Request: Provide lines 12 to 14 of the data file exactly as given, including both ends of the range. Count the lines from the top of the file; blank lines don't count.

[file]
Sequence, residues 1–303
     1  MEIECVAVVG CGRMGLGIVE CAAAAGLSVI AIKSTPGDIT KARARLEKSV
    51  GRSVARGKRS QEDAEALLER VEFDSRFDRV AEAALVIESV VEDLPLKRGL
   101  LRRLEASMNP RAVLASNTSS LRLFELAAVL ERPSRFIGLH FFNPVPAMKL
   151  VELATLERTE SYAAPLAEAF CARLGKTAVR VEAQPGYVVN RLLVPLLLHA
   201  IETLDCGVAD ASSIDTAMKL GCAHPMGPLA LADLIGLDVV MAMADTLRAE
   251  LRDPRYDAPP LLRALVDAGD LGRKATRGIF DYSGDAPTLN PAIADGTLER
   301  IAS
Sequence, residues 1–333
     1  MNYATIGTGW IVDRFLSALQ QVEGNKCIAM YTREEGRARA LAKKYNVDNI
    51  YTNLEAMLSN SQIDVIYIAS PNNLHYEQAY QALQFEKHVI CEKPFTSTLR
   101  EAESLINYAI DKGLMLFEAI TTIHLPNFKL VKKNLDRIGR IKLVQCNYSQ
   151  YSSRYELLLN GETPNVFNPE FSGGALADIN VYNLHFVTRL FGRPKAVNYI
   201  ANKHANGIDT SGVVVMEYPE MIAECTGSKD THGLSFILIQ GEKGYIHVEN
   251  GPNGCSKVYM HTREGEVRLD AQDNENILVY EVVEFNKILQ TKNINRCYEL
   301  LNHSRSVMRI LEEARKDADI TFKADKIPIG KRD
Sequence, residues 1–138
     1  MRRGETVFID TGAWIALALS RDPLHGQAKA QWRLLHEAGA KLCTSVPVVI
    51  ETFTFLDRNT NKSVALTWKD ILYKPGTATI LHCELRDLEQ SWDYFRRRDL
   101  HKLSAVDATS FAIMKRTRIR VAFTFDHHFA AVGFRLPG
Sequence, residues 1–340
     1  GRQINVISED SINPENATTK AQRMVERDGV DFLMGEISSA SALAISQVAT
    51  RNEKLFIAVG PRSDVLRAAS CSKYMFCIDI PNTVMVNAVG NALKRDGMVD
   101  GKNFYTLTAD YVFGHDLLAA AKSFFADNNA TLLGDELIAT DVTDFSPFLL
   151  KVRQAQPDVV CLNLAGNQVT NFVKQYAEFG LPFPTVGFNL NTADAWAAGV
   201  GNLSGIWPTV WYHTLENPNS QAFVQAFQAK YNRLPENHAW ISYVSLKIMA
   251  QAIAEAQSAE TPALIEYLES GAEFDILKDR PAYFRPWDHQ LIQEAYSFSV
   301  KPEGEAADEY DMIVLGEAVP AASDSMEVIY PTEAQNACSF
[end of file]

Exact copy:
   101  EAESLINYAI DKGLMLFEAI TTIHLPNFKL VKKNLDRIGR IKLVQCNYSQ
   151  YSSRYELLLN GETPNVFNPE FSGGALADIN VYNLHFVTRL FGRPKAVNYI
   201  ANKHANGIDT SGVVVMEYPE MIAECTGSKD THGLSFILIQ GEKGYIHVEN